How does your garden grow?


Tips for planting this spring 

By Sophie Pappas and Sara Baldwin

It’s that time of year again; that time when those at Better Homes and Gardens start printing words like bulbs, perennials, shrubs and groundcovers. But what does it all mean? And what can you do to beautify and enjoy your Zionsville yard?

Current in Zionsville asked local experts where and how to get involved with gardening, for those who have green thumbs and those who have never lifted a seed.

“Now is the time to plant perennials, especially trees and shrubs,” said Jonas Carpenter, Co-Founder of Bread & Roses Nursery. “They’re dormant, so they will have less transplant shock.”

Cold crops like peas, carrots, kale, broccoli and beets can be directly sewn soon into your garden area, as well as spring bulbs like tulips and daffodils, which will begin to flower in the coming weeks. Seeds for later crops can now be started indoors, near a sunny window.

Whatever you decide to plant, Carpenter said don’t be afraid to try new things.

“Gardening is all about making mistakes, so don’t be afraid of failure,” Carpenter said.  “Think about how you can offset your culinary needs with a garden, and remember that the answer to healthy plants is living soil.”

 Where to go

Community gardens are a great place to get started with this year’s garden planting. Several gardens around town offer small land plots for rent, designed for people who may not have a large enough yard to grow vegetables or flowers.

The Zionsville Parks and Recreation Department has 20-feet-by-20-feet garden plots available for $20 per plot. There are 10 plots left for use at Elm Street Green in the village, and more than 20 plots left at Heritage Trail Gardens, which is located on southwest corner of the intersection of county roads 400-S and 875-E.

“People grow vegetables and some people donate all of their produce to food pantries,” said Parks Director, Matt Dickey. “And as long as we’re allowed to, we provide water for all of the plots.”

Another location to plant is at St. Francis In-The-Fields Episcopal Church on Mulberry Street.

Plots at the church are $40 per plot, and are located directly behind the church building.

According to Rector C. Davies Reed, many of the church’s gardeners donate to local food banks as well. There are 68 plots available at the church.

For more information on renting a plot through the town, contact the Park and Recreation Dept. at 733-2273.

To purchase a plot at the Episcopal Church, call the church office at 873-4377.

Garden tour

For a bit of inspiration on what a beautiful garden can look like in Indiana springs and summers, make a trip to the annual Gardens of Zionsville tour. This year’s tour will take place from 10 a.m. to 4 p.m., June 14.

The event is organized by the SullivanMunce Cultural Center, and all proceeds will benefit SullivanMunce.

“There will be six lovely gardens to explore,” said SullivanMunce Art Director, Cynthia Young.

All of the gardens on display during the tour are located on private properties throughout the village and Zionsville.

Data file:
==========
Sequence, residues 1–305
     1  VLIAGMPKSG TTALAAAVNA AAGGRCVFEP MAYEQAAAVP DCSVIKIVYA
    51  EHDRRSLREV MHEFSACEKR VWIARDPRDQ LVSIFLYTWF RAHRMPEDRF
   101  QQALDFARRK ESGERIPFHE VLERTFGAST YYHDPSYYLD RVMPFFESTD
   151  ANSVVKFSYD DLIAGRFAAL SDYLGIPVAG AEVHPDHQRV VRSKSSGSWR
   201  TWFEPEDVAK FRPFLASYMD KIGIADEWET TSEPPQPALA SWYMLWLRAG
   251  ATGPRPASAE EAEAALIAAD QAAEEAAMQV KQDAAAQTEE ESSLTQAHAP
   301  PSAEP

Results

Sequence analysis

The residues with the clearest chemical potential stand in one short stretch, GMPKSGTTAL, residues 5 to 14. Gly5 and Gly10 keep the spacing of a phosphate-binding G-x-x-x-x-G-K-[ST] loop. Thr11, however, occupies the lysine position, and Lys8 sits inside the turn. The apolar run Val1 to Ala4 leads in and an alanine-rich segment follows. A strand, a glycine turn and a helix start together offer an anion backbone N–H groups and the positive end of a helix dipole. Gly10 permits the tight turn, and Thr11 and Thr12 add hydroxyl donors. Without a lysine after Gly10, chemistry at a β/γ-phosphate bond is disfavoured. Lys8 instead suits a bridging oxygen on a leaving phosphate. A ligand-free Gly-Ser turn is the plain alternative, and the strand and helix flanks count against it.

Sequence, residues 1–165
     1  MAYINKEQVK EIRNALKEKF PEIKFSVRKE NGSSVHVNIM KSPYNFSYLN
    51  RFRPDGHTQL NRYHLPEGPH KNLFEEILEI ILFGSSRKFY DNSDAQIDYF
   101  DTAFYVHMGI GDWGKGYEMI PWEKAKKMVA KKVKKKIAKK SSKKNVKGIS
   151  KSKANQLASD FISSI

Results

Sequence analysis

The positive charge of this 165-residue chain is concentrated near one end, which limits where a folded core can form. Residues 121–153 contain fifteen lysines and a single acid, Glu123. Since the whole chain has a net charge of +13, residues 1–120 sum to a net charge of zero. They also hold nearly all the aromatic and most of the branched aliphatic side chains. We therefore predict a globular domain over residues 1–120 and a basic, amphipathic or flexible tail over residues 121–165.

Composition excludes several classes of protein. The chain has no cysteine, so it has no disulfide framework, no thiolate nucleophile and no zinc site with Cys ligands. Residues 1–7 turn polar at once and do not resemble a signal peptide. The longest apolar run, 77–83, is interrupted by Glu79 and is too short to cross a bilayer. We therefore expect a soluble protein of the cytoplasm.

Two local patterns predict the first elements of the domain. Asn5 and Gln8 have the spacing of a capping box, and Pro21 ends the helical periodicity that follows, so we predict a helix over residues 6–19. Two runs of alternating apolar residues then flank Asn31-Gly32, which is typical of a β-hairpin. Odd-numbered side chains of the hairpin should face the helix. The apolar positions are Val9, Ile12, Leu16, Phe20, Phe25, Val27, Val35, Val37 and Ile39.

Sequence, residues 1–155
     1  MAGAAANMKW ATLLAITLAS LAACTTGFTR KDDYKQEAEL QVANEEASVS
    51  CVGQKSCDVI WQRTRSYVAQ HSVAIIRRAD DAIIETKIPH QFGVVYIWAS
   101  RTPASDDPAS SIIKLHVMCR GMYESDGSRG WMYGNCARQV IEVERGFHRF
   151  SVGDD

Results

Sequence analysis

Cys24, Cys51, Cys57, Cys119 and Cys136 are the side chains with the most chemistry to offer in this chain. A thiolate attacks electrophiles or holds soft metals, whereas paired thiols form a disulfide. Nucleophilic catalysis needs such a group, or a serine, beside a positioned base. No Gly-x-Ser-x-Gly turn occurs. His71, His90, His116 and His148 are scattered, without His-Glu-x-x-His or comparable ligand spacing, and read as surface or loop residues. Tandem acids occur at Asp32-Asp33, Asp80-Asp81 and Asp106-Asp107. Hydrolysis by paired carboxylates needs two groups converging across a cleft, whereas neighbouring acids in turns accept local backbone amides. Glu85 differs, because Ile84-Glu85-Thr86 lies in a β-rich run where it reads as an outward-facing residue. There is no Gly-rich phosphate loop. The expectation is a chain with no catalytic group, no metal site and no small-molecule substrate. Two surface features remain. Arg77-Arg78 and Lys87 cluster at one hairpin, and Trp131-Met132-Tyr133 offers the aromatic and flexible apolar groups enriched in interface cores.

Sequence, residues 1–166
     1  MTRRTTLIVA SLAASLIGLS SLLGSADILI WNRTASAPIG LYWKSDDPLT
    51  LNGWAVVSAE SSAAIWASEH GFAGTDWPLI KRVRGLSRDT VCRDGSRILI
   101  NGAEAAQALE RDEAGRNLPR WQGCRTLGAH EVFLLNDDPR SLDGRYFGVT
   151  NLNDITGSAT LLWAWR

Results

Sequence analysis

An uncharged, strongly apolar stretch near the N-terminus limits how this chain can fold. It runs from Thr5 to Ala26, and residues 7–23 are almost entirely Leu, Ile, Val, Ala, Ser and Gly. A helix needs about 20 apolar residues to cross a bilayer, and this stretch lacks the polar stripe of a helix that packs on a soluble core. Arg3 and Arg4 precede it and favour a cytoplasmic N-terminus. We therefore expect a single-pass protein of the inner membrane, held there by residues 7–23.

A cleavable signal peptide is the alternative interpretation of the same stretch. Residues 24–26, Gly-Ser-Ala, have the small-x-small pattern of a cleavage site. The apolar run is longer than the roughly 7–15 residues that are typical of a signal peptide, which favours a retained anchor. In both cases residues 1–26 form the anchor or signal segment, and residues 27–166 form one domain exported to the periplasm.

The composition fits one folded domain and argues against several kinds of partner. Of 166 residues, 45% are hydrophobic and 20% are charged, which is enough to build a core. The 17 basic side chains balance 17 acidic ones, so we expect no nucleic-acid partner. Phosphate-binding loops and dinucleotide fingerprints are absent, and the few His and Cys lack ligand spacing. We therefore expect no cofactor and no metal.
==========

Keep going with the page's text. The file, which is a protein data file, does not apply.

“There will be knowledgeable gardeners in each garden to greet and talk with the visitors,” Young said.

For more information or to purchase tickets for the Gardens of Zionsville tour, visit the SullivanMunce Cultural Center located at 225 West Hawthorne St. Tickets are $20 for adults, but are discounted to $15 before June 14. Tickets for children 10 and older are $5.

Garden clubs of Zionsville

Another good way to brush-up on gardening skills is to join a garden club. The Village Residents’ Association of Zionsville gathers throughout the spring and summer to discuss gardening options and weather patterns.

Stonegate neighborhood also hosts a garden club in the large central park throughout the neighborhood. Seasonal planting meetings will start this month.

For information on how to join the Stonegate Garden Club, contact Lisa Pellam at 847-4541.

To join the Village Residents’Association Garden Club, contact Marianne and Guinn Doyle at 873-2547.

Take a class

Learn how to include edible plants in an ornamental garden, or how to attract more butterflies to your yard.

The Hussey-Mayfield Memorial Public Library is hosting professional gardener, Amy Mullen, to teach classes this month.

The Edible Landscapes class is from 7 to 8 p.m., April 15 in the Hussey Room.

The Butterfly Gardens class is from 7 to 8 p.m., April 29 in the Hussey Room. To register for the gardening classes, contact the library at 873-3149.

Here are a few guidelines to help green your thumbs and ready your yards for planting season.

  • Start planning your garden space. Though you may not be planting much right now, this is the perfect time to start planning and preparing.“It is important to start out understanding your soil structure, which will help you decide how to garden,” said McKenzie Beverage, Sustainability Coordinator at Butler University.

    Add organic matter to your garden areas from compost (if you have it), or by purchasing fertilizer from a local farm or hardware store. Gather materials like untreated cedar and pine to build any raised beds, and begin mapping out your space.

  • Prune bushes and ornamental grasses before they germinate. Rake old leaves and clean up old foliage. Later-blooming shrubs can be cut back 8-to-10 inches to encourage new growth and maintain a manageable size.
  • Plant perennials, especially trees and shrubs, as well as cool-season annuals.  

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